◀ ▲ ▶History / 19th-century / Person: Bertrand, Joseph Louis François
Person: Bertrand, Joseph Louis François
Joseph Bertrand was a Paris professor who, in 1845, conjectured:
_I've told you once and I'll tell you again
There's always a prime between n and 2n._
This was proved by Chebyshev in 1850.
Mathematical Profile (Excerpt):
- Alexandre was a writer of popular science books but sadly he died young and after this tragic event Joseph, who was nine years old, went to live with Duhamel and his wife.
- Of course this sad event did have the beneficial effect that Joseph was guided by Duhamel.
- On this particular occasion the train crashed on the return journey and Bertrand was badly injured, suffering a crushed nose and facial scars which he retained throughout his life.
- In 1843 Bertrand published two memoirs on Surfaces isothermes orthogonale Ⓣ(Isothermal orthogonal surfaces).
- In 1878 Bertrand stopped teaching at the Collège de France but, eight years later, he began teaching there again.
- In 1845 Bertrand conjectured that there is at least one prime between nnn and 2n−22n - 22n−2 for every n>3n > 3n>3.
- Bertrand's important paper was eventually published in the Journal de l'École Polytechnique.
- Famed as an author of textbooks, the first two of many published by Bertrand were Traité d'arithmetique Ⓣ(Treatise of arithmetic) (1849) and Traité élémentaire d'algèbre Ⓣ(Treatise of elementary algebra) (1850).
- Bertrand published many works on differential geometry and on probability theory.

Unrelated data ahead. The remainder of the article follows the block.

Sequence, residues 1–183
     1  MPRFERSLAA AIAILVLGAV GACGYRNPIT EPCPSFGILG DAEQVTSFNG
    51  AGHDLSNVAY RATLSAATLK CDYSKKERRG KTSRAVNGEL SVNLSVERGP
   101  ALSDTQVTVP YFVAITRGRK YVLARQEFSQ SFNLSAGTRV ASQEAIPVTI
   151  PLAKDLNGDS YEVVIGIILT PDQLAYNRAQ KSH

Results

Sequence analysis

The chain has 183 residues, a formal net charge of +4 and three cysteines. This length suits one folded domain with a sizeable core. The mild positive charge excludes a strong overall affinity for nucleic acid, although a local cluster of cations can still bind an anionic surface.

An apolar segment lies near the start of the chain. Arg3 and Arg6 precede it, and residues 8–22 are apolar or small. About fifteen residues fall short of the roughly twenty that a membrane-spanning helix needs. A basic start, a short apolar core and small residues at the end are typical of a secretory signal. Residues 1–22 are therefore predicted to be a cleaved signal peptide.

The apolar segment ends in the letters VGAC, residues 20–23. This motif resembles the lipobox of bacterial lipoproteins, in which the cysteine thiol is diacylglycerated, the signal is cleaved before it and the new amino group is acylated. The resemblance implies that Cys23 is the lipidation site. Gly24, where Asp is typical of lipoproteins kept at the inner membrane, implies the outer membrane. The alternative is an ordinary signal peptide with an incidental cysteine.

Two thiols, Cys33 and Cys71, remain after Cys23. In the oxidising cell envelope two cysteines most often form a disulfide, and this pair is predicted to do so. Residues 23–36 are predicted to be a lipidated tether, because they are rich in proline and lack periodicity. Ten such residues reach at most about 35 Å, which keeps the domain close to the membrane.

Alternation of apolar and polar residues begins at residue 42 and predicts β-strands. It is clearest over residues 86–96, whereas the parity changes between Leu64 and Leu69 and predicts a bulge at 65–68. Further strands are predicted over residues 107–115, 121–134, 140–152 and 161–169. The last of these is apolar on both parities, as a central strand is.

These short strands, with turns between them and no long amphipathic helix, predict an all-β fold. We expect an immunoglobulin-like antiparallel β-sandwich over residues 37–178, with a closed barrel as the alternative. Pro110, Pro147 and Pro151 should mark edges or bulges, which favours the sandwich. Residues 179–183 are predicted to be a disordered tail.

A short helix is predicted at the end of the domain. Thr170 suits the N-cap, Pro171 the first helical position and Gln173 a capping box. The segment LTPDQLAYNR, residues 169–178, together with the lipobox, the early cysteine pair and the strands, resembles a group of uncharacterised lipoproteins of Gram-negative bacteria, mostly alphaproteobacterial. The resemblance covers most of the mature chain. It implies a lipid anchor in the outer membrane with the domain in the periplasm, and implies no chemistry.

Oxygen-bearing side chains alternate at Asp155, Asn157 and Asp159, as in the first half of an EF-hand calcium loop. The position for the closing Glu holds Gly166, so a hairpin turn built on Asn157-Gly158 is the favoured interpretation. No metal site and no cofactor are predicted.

- His book Calcul des probabilitiés Ⓣ(Calculation of Probabilities) (1888) contains a paradox on continuous probabilities now known as Bertrand's paradox.
- Bertrand's treatise contains mistakes and misprints.
- Bertrand uses the term 'valeur probable' on a par with 'espérance mathématique'.
- Bertrand's literary style is extremely attractive.
- It is worth noting this treatise by Bertrand heavily influenced Poincaré's treatise also called Calcul des probabilitiés Ⓣ(Calculation of Probabilities) which he published in 1896.
- Indeed, Poincaré refers to almost nobody but Bertrand in his book.
- However from 1840 there was a stable period during which Bertrand was able to begin his career.
- The year 1848, however, saw the overthrow of the monarchy and during this revolution Bertrand served as a Captain in the National Guard.
- The repression of the Paris Commune took place towards the end of May during a week of street fighting which saw Bertrand's house burned and many of his manuscripts were lost in the fire including an intended third volume of Traité de calcul différentiel et de calcul intégral Ⓣ(Treatise on differential and integral calculus) which he never rewrote.
- Bertrand also lost his manuscript of Thermodynamique Ⓣ(Thermodynamics) in the fire but he later rewrote the work.
- With his home destroyed Bertrand moved to Sèvres and later to Viroflay.
- Bertrand's home was particularly important to him for it provided the centre of a vigorous intellectual grouping.
- Bertrand, by this time one of the leading mathematicians in France, had to deal with the consequences as it was questioned whether the mathematics being taught was too theoretical, and so not preparing the leading young Frenchmen for the military.
- Bertrand was appointed a member of the Paris Academy of Sciences in 1856 and he served as its permanent secretary from 1874 to the end of his life.
- the influence of Bertrand's work, however, is hardly comparable to that of several of his contemporaries and pupils.
- Lest it be judged ephemeral, it must be viewed in the context of nineteenth-century Paris and of Bertrand's brilliant academic career, his exalted social position, and the love and respect given him by his pupils.
Born 11 March 1822, Paris, France. Died 3 April 1900, Paris, France.
View full biography at MacTutor
Tags relevant for this person:
Astronomy, Group Theory, Knot Theory, Number Theory, Physics, Puzzles And Problems, Special Numbers And Numerals
Thank you to the contributors under CC BY-SA 4.0!
Adapted from other CC BY-SA 4.0 Sources:
- O’Connor, John J; Robertson, Edmund F: MacTutor History of Mathematics Archive